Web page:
A collection of close-up images made by Alex Hammond and Mike Tinney document that most accessible of creative devices: the pencil. Their 52 prints, in various materials, will be shown in Paul Smith's Albemarle store until 3 June, and auctioned online in support of Children in Crisis. Sir James Dyson's is printed directly on aluminum, so is Peter Saville's; Anish Kapoor's pencil is carved: 'like a little, one-off Anish Kapoor sculpture'.
As a product designer and a photographer respectively, Hammond and Tinney were confronted with a reduction of the design process. 'The part where you sketch, research and take inspiration from things was cut,' begins Hammond. 'We went straight to producing something on a computer that then would be sent out to print. The most enjoyable and creative part of the process was the first to go.'
Relying on Tinney's skill for hyper-real and detailed photographs, they set about creating beautiful images of the humble tool, but wanted more: 'We looked for a way to make a comment about the creative industry as a whole,' notes Hammond. They called upon a few high-profile names - David Bailey, Sir Kenneth Grange, Peter Saville. 'They're at the top of their game, these guys, very established creative heroes. The stories behind the images gave it a lot more depth,' Hammond explains. 'Suddenly it became a bit more of a window into their creative process.'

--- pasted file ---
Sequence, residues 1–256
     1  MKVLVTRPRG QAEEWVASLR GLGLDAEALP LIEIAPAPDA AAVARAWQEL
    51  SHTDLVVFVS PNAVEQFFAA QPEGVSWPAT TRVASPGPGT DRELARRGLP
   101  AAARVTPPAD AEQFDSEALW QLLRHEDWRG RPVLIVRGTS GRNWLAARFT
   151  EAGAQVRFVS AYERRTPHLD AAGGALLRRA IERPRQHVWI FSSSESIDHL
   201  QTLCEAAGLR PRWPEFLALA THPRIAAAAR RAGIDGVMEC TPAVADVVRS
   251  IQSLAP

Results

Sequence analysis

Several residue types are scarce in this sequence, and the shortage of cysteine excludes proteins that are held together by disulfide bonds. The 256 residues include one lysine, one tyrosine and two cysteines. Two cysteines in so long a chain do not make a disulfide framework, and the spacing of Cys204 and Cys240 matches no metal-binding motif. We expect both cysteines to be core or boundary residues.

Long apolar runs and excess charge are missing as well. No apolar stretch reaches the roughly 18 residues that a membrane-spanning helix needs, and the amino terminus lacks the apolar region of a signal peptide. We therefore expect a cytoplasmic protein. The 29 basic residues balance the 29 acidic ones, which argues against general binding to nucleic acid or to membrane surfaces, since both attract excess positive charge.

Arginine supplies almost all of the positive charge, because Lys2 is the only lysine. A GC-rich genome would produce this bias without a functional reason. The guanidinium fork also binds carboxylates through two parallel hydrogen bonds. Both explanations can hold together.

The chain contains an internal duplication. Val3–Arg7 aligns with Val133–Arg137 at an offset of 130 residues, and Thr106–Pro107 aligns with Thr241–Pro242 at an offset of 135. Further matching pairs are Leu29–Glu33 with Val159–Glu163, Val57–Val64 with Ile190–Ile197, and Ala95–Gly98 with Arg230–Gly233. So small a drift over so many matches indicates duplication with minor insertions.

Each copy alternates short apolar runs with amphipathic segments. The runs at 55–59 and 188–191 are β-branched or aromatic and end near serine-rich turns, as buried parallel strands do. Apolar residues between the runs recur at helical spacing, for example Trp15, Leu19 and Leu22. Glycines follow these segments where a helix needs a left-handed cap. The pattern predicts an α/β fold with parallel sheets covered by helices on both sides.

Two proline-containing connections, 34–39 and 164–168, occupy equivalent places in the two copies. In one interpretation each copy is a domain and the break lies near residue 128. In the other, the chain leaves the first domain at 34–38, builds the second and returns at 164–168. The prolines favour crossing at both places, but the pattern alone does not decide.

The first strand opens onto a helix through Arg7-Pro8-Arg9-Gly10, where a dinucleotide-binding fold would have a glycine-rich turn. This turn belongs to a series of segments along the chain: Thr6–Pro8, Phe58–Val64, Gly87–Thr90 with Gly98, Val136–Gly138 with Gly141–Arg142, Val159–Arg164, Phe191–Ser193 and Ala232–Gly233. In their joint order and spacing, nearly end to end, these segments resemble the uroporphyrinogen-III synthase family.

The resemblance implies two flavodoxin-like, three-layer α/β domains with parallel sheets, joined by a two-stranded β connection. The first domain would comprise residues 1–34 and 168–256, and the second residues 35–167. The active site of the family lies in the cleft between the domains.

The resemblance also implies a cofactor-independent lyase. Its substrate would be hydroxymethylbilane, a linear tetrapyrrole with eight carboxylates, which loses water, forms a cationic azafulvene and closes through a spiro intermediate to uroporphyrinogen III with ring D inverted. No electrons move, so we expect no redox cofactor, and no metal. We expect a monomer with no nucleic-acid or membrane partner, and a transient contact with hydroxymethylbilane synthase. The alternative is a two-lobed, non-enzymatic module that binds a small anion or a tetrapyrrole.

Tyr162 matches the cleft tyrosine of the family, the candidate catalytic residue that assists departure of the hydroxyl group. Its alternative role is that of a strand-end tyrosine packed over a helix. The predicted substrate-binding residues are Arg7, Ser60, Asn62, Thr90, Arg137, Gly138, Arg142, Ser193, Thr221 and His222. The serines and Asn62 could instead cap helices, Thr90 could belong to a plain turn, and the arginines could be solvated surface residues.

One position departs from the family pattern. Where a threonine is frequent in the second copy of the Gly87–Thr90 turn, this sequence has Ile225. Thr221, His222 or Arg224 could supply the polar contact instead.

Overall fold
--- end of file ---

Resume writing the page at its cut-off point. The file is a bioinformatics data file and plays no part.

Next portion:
Tinney adds: 'We just hoped these people still used pencils. Some old dogs that we expected were still working with them just weren't and said, "I haven't used a pencil for years!" It was nice to hear that too, in a way. For them to be honest was important, as we didn't want them to give us just any old pencil. The stories revolve around the sense that there's a huge body of work which the pencil is responsible for.'
Paul Smith was someone both Hammond and Tinney really respected. 'He loved the project so much he ended up offering to host the show,' Hammond smiles. For Tinney, Stephen Wiltshire stands out: 'a savant who can see everything, fly over New York in a helicopter, hit the ground and then draw the whole city in one go. His pencil is tiny - the second smallest in our collection - it's an inch and a half long. I imagine when he's got tens of thousands of lines to draw from memory; he just uses one pencil to complete a drawing.'
Raising funds for Children in Crisis will complete the circle of this unique photography project, Hammond and Tinney agree. 'We started off with the pencils of creative heroes, and what these raise will go back into the education of the next generation.'